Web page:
It’s baffling to me that something tiny enough to fit in my closed fist already carries everything it needs to become a massive oak. It too much to take in, an entire galaxy in the pin point prick of a star. And yet all the greatest achievements were at first only a speck, a wish, a dream. A bird growing inside the egg, waiting with tight, folded wings.
Merry Christmas anyway. Even though there are no sugarplums dancing over your head, or the sinful, heady scent of rolls rising.
I like to believe, one day there will be again.
“I believe that what we become depends on what our fathers teach us at odd moments, when they aren’t trying to teach us. We are […]
I know that if plan A doesn’t work, the alphabet still has 25 other letters. And I have used every single one of those letters, all the way down to plan Z. I also know that if you speak Chinese, their alphabet has over 50,000 characters. Fifty freaking thousand characters, which is a LOT of plan B’s. Also, I may need to learn Chinese.
I’ve been thinking a lot about those who share, and share, and share, even though they know it’s not enough, it will never be enough. They take what they have, asking that it will be enough, that it will rise and stretch, that the yeast will grow and that all the hungry mouths will be fed.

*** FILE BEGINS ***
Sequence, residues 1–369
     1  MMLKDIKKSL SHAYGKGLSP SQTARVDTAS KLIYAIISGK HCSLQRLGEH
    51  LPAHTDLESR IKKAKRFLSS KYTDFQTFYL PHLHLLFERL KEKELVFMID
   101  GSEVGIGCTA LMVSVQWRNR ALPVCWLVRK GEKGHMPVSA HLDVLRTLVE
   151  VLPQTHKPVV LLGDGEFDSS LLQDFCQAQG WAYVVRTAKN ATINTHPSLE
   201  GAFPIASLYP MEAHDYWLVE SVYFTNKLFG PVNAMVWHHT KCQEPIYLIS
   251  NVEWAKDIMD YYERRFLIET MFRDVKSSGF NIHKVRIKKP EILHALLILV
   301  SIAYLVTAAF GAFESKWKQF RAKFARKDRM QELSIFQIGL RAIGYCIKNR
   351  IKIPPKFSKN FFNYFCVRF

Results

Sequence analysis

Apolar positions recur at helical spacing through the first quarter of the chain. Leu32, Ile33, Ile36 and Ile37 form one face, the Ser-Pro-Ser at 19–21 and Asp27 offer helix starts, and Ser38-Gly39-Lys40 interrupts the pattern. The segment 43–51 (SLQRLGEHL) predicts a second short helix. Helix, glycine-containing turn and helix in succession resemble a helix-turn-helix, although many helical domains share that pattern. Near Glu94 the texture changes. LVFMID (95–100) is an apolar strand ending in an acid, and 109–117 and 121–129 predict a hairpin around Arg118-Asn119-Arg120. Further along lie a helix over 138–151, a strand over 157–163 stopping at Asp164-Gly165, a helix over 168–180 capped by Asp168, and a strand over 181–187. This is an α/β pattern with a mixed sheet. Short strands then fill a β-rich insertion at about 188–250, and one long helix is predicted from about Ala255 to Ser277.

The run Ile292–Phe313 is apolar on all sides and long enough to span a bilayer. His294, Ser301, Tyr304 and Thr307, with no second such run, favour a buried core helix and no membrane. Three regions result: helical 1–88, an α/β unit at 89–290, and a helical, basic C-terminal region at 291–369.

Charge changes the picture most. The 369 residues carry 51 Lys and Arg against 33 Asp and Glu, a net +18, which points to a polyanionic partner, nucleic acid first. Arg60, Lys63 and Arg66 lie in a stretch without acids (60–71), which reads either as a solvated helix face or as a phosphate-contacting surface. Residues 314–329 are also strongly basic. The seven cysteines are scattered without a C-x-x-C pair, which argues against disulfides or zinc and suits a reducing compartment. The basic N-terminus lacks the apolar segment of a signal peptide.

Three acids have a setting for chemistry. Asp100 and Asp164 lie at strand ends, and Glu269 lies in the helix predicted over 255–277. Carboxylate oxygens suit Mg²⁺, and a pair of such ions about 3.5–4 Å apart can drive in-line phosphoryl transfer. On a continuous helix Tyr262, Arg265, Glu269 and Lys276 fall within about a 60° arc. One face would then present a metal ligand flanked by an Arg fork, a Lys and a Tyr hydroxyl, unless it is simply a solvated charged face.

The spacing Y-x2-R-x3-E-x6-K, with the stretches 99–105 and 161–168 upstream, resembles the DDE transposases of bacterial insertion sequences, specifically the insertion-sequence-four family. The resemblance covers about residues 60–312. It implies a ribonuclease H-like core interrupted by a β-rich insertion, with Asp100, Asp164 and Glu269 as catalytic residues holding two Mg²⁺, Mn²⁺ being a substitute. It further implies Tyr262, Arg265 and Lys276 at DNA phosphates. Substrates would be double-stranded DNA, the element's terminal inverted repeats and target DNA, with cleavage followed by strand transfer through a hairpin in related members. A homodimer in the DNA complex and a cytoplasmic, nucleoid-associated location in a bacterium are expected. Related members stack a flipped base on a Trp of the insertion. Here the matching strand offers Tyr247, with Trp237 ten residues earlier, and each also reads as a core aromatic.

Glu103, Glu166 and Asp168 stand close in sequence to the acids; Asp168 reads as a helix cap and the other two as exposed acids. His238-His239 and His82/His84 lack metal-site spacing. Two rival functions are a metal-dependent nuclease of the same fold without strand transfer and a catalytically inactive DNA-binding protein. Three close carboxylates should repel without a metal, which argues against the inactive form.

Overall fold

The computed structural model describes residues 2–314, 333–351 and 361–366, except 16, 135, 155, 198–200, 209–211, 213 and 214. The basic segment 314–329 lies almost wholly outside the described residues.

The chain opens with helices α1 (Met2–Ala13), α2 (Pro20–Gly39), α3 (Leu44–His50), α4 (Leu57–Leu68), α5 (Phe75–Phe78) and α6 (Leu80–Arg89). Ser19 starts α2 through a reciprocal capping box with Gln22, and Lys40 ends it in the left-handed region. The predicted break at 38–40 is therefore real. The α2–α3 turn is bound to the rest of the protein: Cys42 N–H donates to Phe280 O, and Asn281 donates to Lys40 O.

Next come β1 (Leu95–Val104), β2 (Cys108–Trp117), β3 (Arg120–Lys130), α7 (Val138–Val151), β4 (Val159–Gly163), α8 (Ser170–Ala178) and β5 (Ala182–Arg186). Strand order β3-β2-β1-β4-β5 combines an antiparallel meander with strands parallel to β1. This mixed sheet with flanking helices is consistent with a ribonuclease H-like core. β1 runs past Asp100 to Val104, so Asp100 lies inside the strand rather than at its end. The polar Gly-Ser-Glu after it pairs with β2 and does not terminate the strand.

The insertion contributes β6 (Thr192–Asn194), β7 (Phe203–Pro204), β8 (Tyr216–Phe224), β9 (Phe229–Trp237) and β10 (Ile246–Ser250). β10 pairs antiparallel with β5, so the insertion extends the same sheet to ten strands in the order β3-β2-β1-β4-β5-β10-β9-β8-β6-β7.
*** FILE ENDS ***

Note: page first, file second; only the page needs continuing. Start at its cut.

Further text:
On those ridiculously dark night, when the weight of love is as dense and heavy as an untouched fruit cake; I’ve wondered if all the talking, listening, reasoning and reassuring makes even a chink in the armor of autism, let alone a dent in the shield. But, my ace up my sleeve is knowing I can perseverate too. In fact, love compels me to repeat something intently or redundantly, usually to an exceptional degree or beyond a desired point. I choose to believe that the weight of love will be decisive. That the gravity of devotion is cumulative, that it all matters.
All the times I wiped noses, wiped butts, buckled boys in car seats, and stopped on the side of the road every other mile to REBUCKLE them in car seats, matter. All the hours nursing children with the stomach flu, the cracked nipples, ER visits and bouts of biting. All the landforms formed, PE clothes washed, forgotten lunches delivered. All the binkies found, Halloween costumes created, knees bandaged, and apples peeled. All the books read, boundaries set, chores enforced, and meadows checked. The sleepless nights stumbled through, the lullabies sung, the waiting in long lines for the ferris wheel. The parent teacher conferences, the scolding absorbed, the laundry washed, pancakes flipped, tempers held and crusts removed, it all counts.
Sandwiched between his two autistic brothers, Spencer has never had first dibs on pretty much anything. He has assumed, ie been forced into the role of peace maker, negotiator, soother, sacrificer, sympathizer and protector, ands all before he turned four.
We had been locked in a dead sprint towards the finish line, trying to keep up or catch up, or just not fall. “We just have to get through these last few weeks…” I’d say to myself over and over agains as I ran around finding props for plays, or making cupcakes for the banquet, throwing his white dress shirt into the dryer with a damp towel again and again so he’d appear unwrinkled, care for.
So, It’s my first pandemic, and I have nothing to wear! Don’t be fooled like I was. You know how it is, all your life […]